Maritime Statecraft Is a Process, a Habit, and a Culture

I see maritime statecraft as a process, a habit indispensable in officers and officials, and a way of life for a society that aspires to do business in great waters.

A society such as our own.

Maritime statecraft is a process of wielding levers of state in a concerted way to fulfill national purposes relating to the sea. It’s an approach to doing things. This process spans vastly more than building and deploying a navy, or a corps of marines, or a coast guard. If we do it right, maritime statecraft will bring together not just the naval services but fellow services that operate from land. In this age of joint sea power the U.S. Army and Air Force are sea services as surely as the Navy, Marine Corps, and Coast Guard are.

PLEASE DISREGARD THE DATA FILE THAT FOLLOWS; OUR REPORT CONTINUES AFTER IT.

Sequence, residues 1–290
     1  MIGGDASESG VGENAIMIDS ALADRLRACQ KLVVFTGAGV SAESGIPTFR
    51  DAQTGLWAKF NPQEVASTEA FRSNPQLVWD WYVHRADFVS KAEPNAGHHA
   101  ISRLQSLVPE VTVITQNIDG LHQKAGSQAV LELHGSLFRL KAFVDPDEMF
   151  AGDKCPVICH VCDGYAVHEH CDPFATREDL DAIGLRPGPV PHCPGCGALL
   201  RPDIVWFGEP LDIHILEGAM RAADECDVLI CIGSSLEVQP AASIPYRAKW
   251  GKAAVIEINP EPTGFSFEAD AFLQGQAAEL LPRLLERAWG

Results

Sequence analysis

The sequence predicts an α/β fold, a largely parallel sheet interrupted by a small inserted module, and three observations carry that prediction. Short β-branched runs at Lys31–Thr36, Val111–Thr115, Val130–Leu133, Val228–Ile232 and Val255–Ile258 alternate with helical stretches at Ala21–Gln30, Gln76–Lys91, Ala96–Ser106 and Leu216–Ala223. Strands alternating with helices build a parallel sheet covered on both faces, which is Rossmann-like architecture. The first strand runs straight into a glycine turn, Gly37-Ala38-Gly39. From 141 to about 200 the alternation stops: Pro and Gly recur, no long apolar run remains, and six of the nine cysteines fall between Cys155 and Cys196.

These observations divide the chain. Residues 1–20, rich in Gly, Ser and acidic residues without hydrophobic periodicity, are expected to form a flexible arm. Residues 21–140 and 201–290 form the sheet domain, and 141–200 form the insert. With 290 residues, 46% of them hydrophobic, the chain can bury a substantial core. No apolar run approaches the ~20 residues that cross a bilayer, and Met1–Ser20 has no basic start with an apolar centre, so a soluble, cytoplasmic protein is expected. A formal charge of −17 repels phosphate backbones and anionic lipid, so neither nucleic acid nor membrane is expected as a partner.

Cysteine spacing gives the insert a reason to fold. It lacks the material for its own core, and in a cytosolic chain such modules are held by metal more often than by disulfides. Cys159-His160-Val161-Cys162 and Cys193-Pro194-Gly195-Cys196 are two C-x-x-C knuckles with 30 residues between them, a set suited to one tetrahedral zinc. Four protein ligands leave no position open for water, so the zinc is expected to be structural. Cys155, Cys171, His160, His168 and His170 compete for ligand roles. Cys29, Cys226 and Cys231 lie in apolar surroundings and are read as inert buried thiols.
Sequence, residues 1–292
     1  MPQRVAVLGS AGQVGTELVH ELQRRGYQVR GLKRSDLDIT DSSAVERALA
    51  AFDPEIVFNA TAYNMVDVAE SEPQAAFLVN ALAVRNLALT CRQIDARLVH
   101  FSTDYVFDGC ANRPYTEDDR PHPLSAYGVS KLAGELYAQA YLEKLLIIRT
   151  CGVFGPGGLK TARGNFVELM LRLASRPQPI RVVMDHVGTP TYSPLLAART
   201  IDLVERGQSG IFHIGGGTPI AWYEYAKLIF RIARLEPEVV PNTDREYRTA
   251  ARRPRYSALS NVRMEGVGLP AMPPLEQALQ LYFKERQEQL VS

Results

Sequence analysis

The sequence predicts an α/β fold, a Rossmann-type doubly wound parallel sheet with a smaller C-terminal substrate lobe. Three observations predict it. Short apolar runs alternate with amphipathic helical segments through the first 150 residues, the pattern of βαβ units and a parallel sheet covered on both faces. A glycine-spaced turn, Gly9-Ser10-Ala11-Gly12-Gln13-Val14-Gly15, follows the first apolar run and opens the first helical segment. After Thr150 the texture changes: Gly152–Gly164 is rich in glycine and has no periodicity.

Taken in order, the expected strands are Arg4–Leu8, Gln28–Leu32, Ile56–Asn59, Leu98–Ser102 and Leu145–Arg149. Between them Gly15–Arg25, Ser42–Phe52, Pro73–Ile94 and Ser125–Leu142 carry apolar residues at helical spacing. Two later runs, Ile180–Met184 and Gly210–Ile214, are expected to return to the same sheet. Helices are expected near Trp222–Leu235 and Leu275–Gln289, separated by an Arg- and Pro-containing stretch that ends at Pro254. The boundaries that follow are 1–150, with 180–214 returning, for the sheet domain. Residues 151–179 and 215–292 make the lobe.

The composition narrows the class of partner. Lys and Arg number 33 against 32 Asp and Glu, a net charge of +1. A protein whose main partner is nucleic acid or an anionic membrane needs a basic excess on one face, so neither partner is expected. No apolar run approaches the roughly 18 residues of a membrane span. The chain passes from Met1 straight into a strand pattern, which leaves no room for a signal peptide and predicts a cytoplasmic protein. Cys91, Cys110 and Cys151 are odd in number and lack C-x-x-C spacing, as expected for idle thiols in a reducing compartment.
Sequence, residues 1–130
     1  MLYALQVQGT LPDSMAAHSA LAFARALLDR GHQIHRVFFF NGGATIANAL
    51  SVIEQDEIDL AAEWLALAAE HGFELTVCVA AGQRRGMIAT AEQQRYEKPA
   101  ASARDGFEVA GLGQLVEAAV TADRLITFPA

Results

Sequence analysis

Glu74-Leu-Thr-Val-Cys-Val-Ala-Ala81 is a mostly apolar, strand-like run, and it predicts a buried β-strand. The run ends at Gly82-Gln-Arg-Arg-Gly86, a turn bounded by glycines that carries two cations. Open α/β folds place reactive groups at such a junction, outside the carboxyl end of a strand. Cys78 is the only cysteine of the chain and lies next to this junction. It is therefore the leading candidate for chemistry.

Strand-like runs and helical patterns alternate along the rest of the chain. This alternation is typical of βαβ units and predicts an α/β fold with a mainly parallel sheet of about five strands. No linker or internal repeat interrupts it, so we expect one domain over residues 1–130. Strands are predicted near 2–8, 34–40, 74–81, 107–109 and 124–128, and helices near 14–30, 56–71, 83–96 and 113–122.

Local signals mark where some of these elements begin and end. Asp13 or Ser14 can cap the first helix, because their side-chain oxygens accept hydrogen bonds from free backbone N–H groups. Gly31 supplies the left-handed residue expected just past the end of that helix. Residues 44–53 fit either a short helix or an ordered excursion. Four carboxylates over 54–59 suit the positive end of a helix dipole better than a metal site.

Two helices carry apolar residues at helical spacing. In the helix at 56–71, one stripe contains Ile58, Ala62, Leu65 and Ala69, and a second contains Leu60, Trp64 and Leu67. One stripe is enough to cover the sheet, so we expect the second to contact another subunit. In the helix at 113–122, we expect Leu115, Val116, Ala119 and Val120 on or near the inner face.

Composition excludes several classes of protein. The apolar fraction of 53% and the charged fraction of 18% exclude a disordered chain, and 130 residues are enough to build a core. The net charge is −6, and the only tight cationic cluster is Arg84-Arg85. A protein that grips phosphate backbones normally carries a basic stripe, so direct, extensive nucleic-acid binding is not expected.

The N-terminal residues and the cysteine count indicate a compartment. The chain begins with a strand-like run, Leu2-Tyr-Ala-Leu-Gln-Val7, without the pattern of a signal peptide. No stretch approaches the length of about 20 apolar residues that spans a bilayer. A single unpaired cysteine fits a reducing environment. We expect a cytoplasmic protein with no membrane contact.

We will fail unless we act in unison.

But maritime statecraft goes beyond choreographing the actions of armed forces to shape events on the high seas. It’s bigger than the merchant fleet that transports American-made products overseas or brings imports back home. It’s even bigger than naval or mercantile shipbuilding, a maritime sector whose health rightly preoccupies all of us present here today.

Properly understood, this is an all-consuming process that rallies officialdom, the armed forces, private industry, and rank-and-file Americans behind common interests and purposes relating to the sea.

Now, Alfred Thayer Mahan, our intellectual forefather and most renowned Newport alumnus, never uses the term maritime statecraft. He couldn’t have. This is a phrase of recent coinage, dating back to Secretary Del Toro’s address at the Kennedy School just last fall. But Mahan would instantly recognize and probably embrace the phrase. After all, it accurately describes the project he had in mind for America.